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PAUL A. ALLEE

Abstract

A continuous 15-mo. morning and afternoon Aitken nuclei concentration measurement was made during 1964–1965 at Washington, D.C. The climatological means and extreme values of the Aitken nuclei concentration were obtained and are presented in graphical form. A mean monthly stability index to measure the local stability of the atmosphere is developed and compared to the mean monthly values of the Aitken nuclei concentration.

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Ross Gunn and Paul A. Allee
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Farn P. Parungo and Paul A. Allee

Abstract

No abstract available.

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Paul A. Allee and B. B. Phillips

Abstract

Measurements have been made of the radii and free electric charges of cloud particles in supercooled cumuliform-type clouds which occurred at a 6580-ft MSL mountain observatory. Simultaneously, the positive and negative conductivities in the cloud and the atmospheric electric field at the site were recorded. The observed droplet charge distribution is symmetric about zero charge and approaches the equilibrium distribution described by the theory of random ionic diffusion electrification of cloud particles.

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Farn P. Parungo and Paul A. Allee

Abstract

To investigate the possibility of inadvertent weather modification from rocket effluent, aerosol samples were collected from an instrumented aircraft subsequent to the Voyager I and II launches. The aerosol's morphology, concentration and size distribution were examined with an electron microscope. The elemental compositions of individual particles were analyzed with an x-ray energy spectrometer. Ice nucleus concentration was measured with a subfreezing thermal diffusion chamber. The particles' physical and chemical properties were related to their ice nucleation activity. A laboratory experiment on rocket propellant exhaust was conducted under controlled conditions. Both laboratory and field experimental results indicated that rocket propellant exhaust can produce active ice nuclei. Their consequences for potential inadvertant weather modification demand additional study.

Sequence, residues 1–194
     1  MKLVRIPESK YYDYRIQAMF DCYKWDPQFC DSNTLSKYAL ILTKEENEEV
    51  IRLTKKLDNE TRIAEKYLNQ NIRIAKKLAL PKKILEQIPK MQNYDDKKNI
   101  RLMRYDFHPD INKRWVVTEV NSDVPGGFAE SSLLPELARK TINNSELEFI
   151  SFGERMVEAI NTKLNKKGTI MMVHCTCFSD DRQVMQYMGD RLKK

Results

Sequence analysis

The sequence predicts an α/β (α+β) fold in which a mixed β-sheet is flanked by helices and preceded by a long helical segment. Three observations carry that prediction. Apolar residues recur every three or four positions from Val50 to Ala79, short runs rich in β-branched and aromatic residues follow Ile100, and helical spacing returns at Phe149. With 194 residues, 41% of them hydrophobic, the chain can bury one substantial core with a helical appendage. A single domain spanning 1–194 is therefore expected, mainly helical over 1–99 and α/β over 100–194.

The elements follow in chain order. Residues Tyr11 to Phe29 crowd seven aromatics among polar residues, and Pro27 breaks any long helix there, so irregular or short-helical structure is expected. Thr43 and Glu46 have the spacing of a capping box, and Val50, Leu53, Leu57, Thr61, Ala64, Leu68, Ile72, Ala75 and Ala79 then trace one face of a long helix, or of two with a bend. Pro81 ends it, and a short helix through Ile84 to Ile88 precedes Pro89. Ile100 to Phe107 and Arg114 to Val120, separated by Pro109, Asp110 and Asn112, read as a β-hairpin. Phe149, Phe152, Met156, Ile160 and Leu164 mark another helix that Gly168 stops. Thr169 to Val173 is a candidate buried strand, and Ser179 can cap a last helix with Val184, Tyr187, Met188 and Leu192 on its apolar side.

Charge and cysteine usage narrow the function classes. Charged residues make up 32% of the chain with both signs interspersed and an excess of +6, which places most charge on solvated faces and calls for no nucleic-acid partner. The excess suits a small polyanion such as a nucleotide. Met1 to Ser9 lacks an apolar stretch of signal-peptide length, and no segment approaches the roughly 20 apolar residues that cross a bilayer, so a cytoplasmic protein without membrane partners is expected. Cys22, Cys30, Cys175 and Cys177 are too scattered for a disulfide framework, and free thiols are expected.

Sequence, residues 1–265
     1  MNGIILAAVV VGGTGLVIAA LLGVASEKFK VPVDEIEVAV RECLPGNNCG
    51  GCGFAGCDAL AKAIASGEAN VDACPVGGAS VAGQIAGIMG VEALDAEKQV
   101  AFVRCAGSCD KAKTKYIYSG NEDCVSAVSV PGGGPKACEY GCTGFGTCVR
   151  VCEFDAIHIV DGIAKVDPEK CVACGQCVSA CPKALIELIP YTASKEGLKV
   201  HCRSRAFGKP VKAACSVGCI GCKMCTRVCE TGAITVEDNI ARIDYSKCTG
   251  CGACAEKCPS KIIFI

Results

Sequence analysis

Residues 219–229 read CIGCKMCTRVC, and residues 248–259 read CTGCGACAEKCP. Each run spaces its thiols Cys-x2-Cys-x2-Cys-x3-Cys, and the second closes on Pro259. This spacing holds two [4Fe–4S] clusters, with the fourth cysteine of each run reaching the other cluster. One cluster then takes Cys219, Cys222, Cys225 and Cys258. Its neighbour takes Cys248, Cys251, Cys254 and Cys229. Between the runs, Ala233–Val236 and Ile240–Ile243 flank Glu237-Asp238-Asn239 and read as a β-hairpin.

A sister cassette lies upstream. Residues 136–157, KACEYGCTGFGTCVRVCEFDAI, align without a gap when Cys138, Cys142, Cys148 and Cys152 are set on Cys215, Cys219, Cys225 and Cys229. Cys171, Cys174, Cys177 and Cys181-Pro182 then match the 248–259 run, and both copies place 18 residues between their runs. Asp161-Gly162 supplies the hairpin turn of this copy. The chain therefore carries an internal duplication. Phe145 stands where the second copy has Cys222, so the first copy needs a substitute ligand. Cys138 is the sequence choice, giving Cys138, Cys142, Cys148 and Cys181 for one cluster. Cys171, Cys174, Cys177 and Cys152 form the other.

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Charles C. Van Valin and Paul A. Allee

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No abstract available.

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Griffith M. Morgan Jr. and Paul A. Allee

Abstract

Potential ice nuclei, particles which become ice nuclei when properly treated, are produced in automotive exhaust. They are activated by iodine vapor and are believed to be lead particles originating from the tetraethyl lead mixed with the fuel. The sensitivity of nucleation measurements provides an excellent method of counting submicron lead particles and monitoring the automotive component of air pollution. Measurements reported here show that the production of potential ice nuclei by a gasoline engine is at least 2 × 107 per gram Pb at −10C, 1 × 1010 per gram Pb at −15C and 1 × 1012 per gram Pb at −20C.

Some simple calculations are presented, showing that large enough numbers of potential ice nuclei are produced by the routine burning of gasoline to be useful in cloud and weather modification research. In particular, a DC-6 aircraft burning 6 gal min−1 of gasoline should produce at least 4 × 1011 nuclei sec−1 at −20C.

It is demonstrated that ethylene diiodide can be added to the gasoline supply of an automobile and that the automobile will then act as an inexpensive source of large numbers of ice nuclei.

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Hermann E. Gerber, Paul A. Allee, Ulprich Katz, Charles I. Davis, and Lewis O. Grant

Abstract

The Goetz Aerosol Spectrometer, generally considered to possess only a fair ability in resolving size distributions of polydispersed aerosols, operates properly following a modification to the geometry of the entrance to the instrument's deposition channels. Its accuracy is demonstrated with an electron microscopic evaluation of a collecting surface deposit of a thermally produced polydispersed AgI aerosol with particle sizes ranging from 60 to 1000Å In diameter.

Thus calibrated, the instrument was utilized to investigate the activity of the same aerosol as freezing nuclei. The AgI particles on the hydrophobic chrome-plated collecting foil were nucleated by sorption at water saturation for temperatures of −15 and −20C. The results appear to reflect the influence of the Kelvin effect since the activity decreased at a faster rate than predicted by the “surface area rare” and since it showed a sharp cutoff corresponding to Fletcher's theoretical size temperature predictions for ideal sublimation nuclei.

Also, field measurements were conducted on 12,000-ft Chalk Mountain (Climax, Colo.) for the purpose of measuring the sizes of active AgI-NaI nuclei emanating from acetone ground generators located at least 6 mi upwind. The size distribution of the nuclei on seeding days proved similar to what might he expected from this generator type. On non-seeding days, the number of active nuclei decreased sharply while the peak of the size distributions shifted to larger sizes.

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